The Duterte administration recalled the Philippine ambassador and consuls from Canada, because the failure to comply with the May 15 deadline to take back tons of Canadian trash that were shipped to Manila years ago. On the other hand, however, the Philippine has to deal also with its own waste problem.
In 2000 it was issued the Republic Act 9003, also known as the Ecological Solid Waste Management Act of 2000, but after many years we are still long away from its implementation. RA 9003 mandates recycling, segregating and the closure of dump sites but, as far as we can see, a lot of garbage continues to float in Manila Bay and more than 900 open dump sites are still in function across the country.
More. The Philippines generates 2.7 million tonnes of plastic waste annually and 20 per cent – or half a million tonnes – of that leaks into the oceans. The culprits? Corruption, lack of political will to seriously implement the RA 9003 and an addiction to single-use plastic sachets after the abandon of tingi culture when shoppers took their own reusable containers when going to the market places.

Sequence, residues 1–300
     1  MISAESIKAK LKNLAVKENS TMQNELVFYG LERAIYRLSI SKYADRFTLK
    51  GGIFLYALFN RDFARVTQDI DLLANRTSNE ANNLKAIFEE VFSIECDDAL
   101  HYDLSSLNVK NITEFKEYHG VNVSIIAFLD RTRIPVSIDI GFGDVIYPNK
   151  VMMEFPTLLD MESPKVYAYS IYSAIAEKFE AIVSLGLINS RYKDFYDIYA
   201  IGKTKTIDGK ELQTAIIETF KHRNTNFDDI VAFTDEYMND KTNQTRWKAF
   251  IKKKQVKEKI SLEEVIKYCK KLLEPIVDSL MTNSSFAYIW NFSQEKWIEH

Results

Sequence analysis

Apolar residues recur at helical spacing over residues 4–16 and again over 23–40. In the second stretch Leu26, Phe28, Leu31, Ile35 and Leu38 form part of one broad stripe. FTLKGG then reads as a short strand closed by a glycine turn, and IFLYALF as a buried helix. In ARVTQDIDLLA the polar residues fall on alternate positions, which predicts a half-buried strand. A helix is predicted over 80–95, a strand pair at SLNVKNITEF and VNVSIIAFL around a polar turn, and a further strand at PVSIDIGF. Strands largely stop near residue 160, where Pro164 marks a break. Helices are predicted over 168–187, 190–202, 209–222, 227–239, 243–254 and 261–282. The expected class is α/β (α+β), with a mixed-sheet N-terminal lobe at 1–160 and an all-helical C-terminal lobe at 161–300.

Today tons of plastic trash and garbage are clogging drainage canals and end in the surrounding, river, lakes and seas. A 2015 report on plastic pollution by the Ocean Conservancy charity and the McKinsey Centre for Business and Environment ranked the Philippines as the third-largest source of discarded plastic that ends up in the ocean, behind two other Asian nations: China and Indonesia.
During the recent election few concerned people called on politicians to moderate their use of tarpaulins for the upcoming midterm polls. Nevertheless, thousands and thousands were used during the political campaign, everywhere in the country. Tarpaulins are mostly made of polyvinyl chloride plastic and may contain toxic chemicals such as cadmium, lead and phosphates that could leach and contaminate the soil and water. Great amount of cadmium in the body can cause kidney failures.
Now the political tarpaulins have to be removed and disposed. Some of these will still be recycled, reused or worst thrown away after worn out and no longer needed. Sooner or later, they will get buried in rice fields or find their ways somewhere to the Ocean if not properly collected and disposed.
Some Good News, however, from the national Mercury Drugstore: they are using only oxo-biodegradable sachets. A small step to a more clean environment.